Secrets is a 1922 play by Rudolf Besier and May Edginton.
The play first opened in London at the Comedy Theatre on September 7, 1922, starring Fay Compton and Leon Quartermaine.
Secrets opened in New York at the Fulton Theatre on December 25, 1922, and ran through May 1923, for 168 performances.
The play was also adapted for films released in 1924 and 1933.
Produced by John Eugene Vedrenne
Directed by Sam Forrest and produced by Sam H. Harris
My Fair Lady is a musical based on George Bernard Shaw's Pygmalion, with book and lyrics by Alan Jay Lerner and music by Frederick Loewe. The story concerns Eliza Doolittle, a Cockney flower girl who takes speech lessons from professor Henry Higgins, a phonetician, so that she may pass as a lady. The original Broadway and London shows starred Rex Harrison and Julie Andrews.
Dame Margaret Taylor Rutherford, was an English actress of stage, television and film. She first came to prominence following the Second World War in the film adaptations of Noël Coward's Blithe Spirit, and Oscar Wilde's The Importance of Being Earnest. She won an Academy Award and a Golden Globe Award for her role as the Duchess of Brighton in The V.I.P.s (1963). In the early 1960s she starred as Agatha Christie's character Miss Marple in a series of four George Pollock films. She was appointed Officer of the Order of the British Empire (OBE) in 1961 and a Dame Commander (DBE) in 1967.
The Matchmaker is a 1954 play by Thornton Wilder, a rewritten version of his 1938 play The Merchant of Yonkers.
Virginia Lilian Emmeline Compton-Mackenzie, CBE, known professionally as Fay Compton, was an English actress. She appeared in several films, and made many broadcasts, but was best known for her stage performances. She was known for her versatility, and appeared in Shakespeare, drawing room comedy, pantomime, modern drama, and classics such as Ibsen and Chekhov. In addition to performing in Britain, Compton appeared several times in the US, and toured Australia and New Zealand in a variety of stage plays.
Hermione Ferdinanda Gingold was an English actress known for her sharp-tongued, eccentric persona. Her signature drawling, deep voice was a result of nodes on her vocal cords she developed in the 1920s and early 1930s.
Lady in the Dark is a musical with music by Kurt Weill, lyrics by Ira Gershwin and book and direction by Moss Hart. It was produced by Sam Harris. The protagonist, Liza Elliott, is the unhappy female editor of a fashion magazine, Allure, who is undergoing psychoanalysis. The musical ran on Broadway in 1941, in the United Kingdom in 1981, and was also made into a 1944 film and a live 1954 television special.
Margaret Scudamore was an English theatre and film actress who began in ingenue roles before achieving a prolonged career in stage and screen support roles. She and her first husband, Roy Redgrave (1873-1922), are considered to be the first members of the now renowned Redgrave acting dynasty.
The Constant Wife, a play written in 1926 by W. Somerset Maugham, is a comedy whose modern and amusing take on marriage and infidelity gives a quick-witted, alternative view on how to deal with an extramarital affair.
Who Was That Lady? is a 1960 comedy film directed by George Sidney and starring Tony Curtis, Dean Martin, and Janet Leigh.
The Catch of the Season is an Edwardian musical comedy by Seymour Hicks and Cosmo Hamilton, with music by Herbert Haines and Evelyn Baker and lyrics by Charles H. Taylor, based on the fairy tale Cinderella. A debutante is engaged to a young aristocrat but loves a page.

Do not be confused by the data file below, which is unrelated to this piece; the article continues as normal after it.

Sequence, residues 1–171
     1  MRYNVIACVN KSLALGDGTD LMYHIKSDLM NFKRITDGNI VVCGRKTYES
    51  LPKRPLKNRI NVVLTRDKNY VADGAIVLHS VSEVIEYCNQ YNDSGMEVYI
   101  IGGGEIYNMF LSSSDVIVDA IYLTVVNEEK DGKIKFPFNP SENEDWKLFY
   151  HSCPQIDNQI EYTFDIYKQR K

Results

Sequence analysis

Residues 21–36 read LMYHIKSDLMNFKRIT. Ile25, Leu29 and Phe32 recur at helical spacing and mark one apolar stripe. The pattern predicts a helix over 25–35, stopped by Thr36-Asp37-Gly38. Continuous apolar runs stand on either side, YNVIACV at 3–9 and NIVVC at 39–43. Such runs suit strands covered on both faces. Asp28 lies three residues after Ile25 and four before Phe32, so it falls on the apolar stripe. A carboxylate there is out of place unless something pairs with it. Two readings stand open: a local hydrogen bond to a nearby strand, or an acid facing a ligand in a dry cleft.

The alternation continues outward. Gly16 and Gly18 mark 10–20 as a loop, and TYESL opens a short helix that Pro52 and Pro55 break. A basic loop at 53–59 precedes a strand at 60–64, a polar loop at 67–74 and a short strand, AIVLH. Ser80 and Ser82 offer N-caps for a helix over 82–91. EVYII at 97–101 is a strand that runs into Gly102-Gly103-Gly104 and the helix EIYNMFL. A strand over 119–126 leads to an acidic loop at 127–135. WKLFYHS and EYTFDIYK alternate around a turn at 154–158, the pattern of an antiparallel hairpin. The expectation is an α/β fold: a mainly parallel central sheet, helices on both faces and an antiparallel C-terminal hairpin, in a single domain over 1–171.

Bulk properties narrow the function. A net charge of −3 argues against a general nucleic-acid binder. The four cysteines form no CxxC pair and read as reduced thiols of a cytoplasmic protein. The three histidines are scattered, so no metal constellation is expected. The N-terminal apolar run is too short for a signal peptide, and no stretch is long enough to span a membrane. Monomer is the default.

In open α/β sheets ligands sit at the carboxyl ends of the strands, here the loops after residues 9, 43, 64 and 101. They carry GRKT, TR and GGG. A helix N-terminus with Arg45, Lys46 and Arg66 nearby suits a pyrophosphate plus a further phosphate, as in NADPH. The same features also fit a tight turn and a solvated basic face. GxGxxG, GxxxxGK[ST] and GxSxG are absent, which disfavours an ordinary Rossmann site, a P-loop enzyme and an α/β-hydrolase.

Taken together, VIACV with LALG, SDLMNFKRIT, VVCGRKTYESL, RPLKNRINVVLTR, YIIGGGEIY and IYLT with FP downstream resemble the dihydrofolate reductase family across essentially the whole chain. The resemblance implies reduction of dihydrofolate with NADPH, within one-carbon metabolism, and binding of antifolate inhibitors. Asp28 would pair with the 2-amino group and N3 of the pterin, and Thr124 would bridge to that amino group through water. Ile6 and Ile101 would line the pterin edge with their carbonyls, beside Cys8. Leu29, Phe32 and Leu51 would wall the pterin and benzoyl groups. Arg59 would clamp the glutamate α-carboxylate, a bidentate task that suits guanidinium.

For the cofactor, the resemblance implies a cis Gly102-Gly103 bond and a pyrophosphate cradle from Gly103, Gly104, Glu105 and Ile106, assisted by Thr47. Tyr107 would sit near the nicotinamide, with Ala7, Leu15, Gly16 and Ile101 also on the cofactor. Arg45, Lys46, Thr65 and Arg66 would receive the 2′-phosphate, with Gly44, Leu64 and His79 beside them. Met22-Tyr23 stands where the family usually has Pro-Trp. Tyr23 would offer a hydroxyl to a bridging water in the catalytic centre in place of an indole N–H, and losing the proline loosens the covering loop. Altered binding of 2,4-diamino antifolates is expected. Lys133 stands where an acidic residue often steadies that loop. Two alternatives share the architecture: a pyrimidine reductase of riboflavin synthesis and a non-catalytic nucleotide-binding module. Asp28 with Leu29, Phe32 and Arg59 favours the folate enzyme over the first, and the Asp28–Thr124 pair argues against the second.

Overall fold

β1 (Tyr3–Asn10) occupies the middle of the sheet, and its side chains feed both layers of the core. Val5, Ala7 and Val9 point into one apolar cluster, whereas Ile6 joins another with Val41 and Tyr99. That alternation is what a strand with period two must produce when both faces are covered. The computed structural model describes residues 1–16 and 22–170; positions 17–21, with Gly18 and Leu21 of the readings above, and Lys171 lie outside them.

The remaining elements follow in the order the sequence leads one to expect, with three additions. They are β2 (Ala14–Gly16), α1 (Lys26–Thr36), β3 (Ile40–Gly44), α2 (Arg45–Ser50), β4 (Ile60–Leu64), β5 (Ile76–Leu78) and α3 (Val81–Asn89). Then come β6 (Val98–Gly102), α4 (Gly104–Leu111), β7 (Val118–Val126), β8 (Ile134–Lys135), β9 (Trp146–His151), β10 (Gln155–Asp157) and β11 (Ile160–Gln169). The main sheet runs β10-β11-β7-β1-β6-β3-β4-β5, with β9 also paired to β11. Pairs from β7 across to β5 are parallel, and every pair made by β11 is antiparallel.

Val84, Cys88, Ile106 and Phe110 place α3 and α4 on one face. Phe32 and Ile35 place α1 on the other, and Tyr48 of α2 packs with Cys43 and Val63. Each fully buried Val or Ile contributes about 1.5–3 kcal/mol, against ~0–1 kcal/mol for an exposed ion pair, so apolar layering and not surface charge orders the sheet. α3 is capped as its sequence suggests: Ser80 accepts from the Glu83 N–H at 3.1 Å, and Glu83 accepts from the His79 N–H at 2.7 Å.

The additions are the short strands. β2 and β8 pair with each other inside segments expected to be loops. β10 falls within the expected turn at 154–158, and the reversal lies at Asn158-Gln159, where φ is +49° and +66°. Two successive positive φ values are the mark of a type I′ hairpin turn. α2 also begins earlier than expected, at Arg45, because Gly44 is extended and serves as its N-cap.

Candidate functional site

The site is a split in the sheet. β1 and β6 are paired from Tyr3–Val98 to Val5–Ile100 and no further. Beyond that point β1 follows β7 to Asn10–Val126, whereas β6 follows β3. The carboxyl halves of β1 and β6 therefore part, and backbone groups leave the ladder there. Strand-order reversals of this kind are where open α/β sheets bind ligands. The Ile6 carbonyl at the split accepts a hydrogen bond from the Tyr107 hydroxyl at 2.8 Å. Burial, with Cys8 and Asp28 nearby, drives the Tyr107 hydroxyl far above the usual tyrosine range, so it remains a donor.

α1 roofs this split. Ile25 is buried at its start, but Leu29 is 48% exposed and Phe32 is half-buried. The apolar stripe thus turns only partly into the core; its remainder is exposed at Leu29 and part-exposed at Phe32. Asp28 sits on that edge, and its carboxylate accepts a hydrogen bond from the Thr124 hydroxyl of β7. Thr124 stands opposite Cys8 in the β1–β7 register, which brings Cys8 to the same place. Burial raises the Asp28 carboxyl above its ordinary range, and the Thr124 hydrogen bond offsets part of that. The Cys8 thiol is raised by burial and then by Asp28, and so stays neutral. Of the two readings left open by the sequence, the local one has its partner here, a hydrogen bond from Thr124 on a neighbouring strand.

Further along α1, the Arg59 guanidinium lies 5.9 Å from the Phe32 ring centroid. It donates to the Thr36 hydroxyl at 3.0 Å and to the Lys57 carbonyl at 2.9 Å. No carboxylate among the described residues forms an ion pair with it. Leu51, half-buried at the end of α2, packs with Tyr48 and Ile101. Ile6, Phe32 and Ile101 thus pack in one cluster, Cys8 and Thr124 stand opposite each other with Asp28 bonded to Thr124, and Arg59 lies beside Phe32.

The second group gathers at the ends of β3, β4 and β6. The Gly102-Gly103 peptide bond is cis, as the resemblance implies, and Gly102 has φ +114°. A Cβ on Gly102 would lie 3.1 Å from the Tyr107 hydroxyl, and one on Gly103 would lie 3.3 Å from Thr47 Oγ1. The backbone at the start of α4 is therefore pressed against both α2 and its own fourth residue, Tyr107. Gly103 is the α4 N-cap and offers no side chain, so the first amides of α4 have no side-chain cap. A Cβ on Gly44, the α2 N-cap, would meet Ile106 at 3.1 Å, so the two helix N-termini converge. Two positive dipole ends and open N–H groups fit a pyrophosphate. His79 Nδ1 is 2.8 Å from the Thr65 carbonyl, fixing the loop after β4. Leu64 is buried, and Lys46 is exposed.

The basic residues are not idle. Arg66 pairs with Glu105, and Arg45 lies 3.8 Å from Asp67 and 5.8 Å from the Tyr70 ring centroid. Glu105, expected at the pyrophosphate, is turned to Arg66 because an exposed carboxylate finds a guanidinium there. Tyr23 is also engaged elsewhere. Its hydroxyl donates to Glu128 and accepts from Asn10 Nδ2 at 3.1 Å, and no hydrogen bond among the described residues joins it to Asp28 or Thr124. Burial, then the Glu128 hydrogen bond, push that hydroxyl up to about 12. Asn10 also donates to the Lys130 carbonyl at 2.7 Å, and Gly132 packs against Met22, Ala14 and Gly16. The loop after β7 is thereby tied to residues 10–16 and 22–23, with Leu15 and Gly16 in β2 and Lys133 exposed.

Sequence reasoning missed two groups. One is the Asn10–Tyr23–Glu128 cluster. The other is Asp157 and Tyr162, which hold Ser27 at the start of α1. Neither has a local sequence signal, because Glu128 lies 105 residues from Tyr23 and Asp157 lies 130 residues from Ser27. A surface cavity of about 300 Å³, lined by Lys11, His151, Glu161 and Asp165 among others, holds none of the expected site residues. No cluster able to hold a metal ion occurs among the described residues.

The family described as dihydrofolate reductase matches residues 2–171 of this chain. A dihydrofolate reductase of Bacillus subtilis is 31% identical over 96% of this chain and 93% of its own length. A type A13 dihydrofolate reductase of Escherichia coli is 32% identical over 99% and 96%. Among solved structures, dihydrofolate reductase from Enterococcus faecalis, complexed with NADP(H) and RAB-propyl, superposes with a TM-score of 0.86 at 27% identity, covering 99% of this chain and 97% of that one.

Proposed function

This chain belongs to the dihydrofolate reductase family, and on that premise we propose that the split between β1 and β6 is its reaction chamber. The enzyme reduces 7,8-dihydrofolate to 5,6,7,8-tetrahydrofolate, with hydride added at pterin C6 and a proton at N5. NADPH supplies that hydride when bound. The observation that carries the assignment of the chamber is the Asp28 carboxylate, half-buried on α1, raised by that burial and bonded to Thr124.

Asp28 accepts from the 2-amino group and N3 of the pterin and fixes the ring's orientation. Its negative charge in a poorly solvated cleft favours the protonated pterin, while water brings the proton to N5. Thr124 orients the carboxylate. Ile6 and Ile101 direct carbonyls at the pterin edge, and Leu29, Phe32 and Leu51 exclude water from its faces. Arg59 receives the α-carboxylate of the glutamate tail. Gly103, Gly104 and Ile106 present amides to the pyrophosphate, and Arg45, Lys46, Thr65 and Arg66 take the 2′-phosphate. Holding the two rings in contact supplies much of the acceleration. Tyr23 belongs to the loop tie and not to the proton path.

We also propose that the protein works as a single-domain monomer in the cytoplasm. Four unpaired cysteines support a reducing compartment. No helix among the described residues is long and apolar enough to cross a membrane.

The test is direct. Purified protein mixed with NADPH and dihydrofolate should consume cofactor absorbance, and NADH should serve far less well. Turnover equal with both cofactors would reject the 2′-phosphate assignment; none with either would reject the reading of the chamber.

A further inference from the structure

Leonora Mary Johnson, known professionally as Nora Swinburne, was an English actress. She is best known for her appearances in many British films.
Teresa Maxwell-Conover was an actress in Broadway productions in the early 20th century. She was in motion pictures until the early 1940s. She was from Louisville, Kentucky.
Icebound is a 1923 play written by American playwright Owen Davis, for which he received the Pulitzer Prize for Drama. It is set in Veazie, Maine, a suburb of Bangor.
Secrets is a 1924 American silent drama film directed by Frank Borzage. The film is based upon a 1922 play of the same name, and was remade in 1933 with Mary Pickford in the leading role. Although the film was never released on video or DVD, copies still exist.
Frederic Lewis Tuffley, better known by his stage name, Eric Lewis, was an English comedian, actor and singer. In a career spanning five decades, he starred in numerous comedies and in a few musical comedy hits, but he is probably best remembered today as the understudy to George Grossmith in the Gilbert & Sullivan comic operas of the 1880s who left the D'Oyly Carte Opera Company just in time to give Henry Lytton his big break.
The 48th Street Theatre was a Broadway theatre at 157 West 48th Street in Manhattan. It was built by longtime Broadway producer William A. Brady and designed by architect William A. Swasey. The venue was also called the Equity 48th Street Theatre (1922–25) and the Windsor Theatre (1937–43).
Archibald Selwyn was an American play broker, theater owner and stage producer who had many Broadway successes. He and his brother Edgar Selwyn were partners. They were among the founders of Goldwyn Pictures, later to be merged into MGM.
F. Ray Comstock was an American theatrical producer and theater operator. He pioneered the intimate musical comedy, staging several successful comedies at his Princess Theatre in Manhattan. He also produced spectacular musicals, variety shows and serious plays by authors such as Henrik Ibsen and Maxim Gorky.
Wedding Bells is a 1919 comedic play which played on Broadway.
The Circle: a Comedy in Three Acts is a play by W. Somerset Maugham. It was first produced at the Haymarket Theatre, London on 3 March 1921, and has been revived several times in the West End and on Broadway.